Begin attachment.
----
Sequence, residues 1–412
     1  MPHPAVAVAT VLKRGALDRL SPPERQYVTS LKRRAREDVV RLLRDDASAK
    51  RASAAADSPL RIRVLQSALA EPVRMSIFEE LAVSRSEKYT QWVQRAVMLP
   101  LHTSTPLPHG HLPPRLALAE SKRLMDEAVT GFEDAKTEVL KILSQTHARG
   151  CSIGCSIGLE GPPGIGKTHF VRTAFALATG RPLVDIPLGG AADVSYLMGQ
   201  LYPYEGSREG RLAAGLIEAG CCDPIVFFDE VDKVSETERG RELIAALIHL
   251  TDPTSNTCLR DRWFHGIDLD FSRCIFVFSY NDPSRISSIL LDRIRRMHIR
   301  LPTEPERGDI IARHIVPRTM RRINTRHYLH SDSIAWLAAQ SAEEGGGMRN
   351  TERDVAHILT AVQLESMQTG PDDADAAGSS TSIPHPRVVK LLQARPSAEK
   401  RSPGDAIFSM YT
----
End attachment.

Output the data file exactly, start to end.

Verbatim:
Sequence, residues 1–412
     1  MPHPAVAVAT VLKRGALDRL SPPERQYVTS LKRRAREDVV RLLRDDASAK
    51  RASAAADSPL RIRVLQSALA EPVRMSIFEE LAVSRSEKYT QWVQRAVMLP
   101  LHTSTPLPHG HLPPRLALAE SKRLMDEAVT GFEDAKTEVL KILSQTHARG
   151  CSIGCSIGLE GPPGIGKTHF VRTAFALATG RPLVDIPLGG AADVSYLMGQ
   201  LYPYEGSREG RLAAGLIEAG CCDPIVFFDE VDKVSETERG RELIAALIHL
   251  TDPTSNTCLR DRWFHGIDLD FSRCIFVFSY NDPSRISSIL LDRIRRMHIR
   301  LPTEPERGDI IARHIVPRTM RRINTRHYLH SDSIAWLAAQ SAEEGGGMRN
   351  TERDVAHILT AVQLESMQTG PDDADAAGSS TSIPHPRVVK LLQARPSAEK
   401  RSPGDAIFSM YT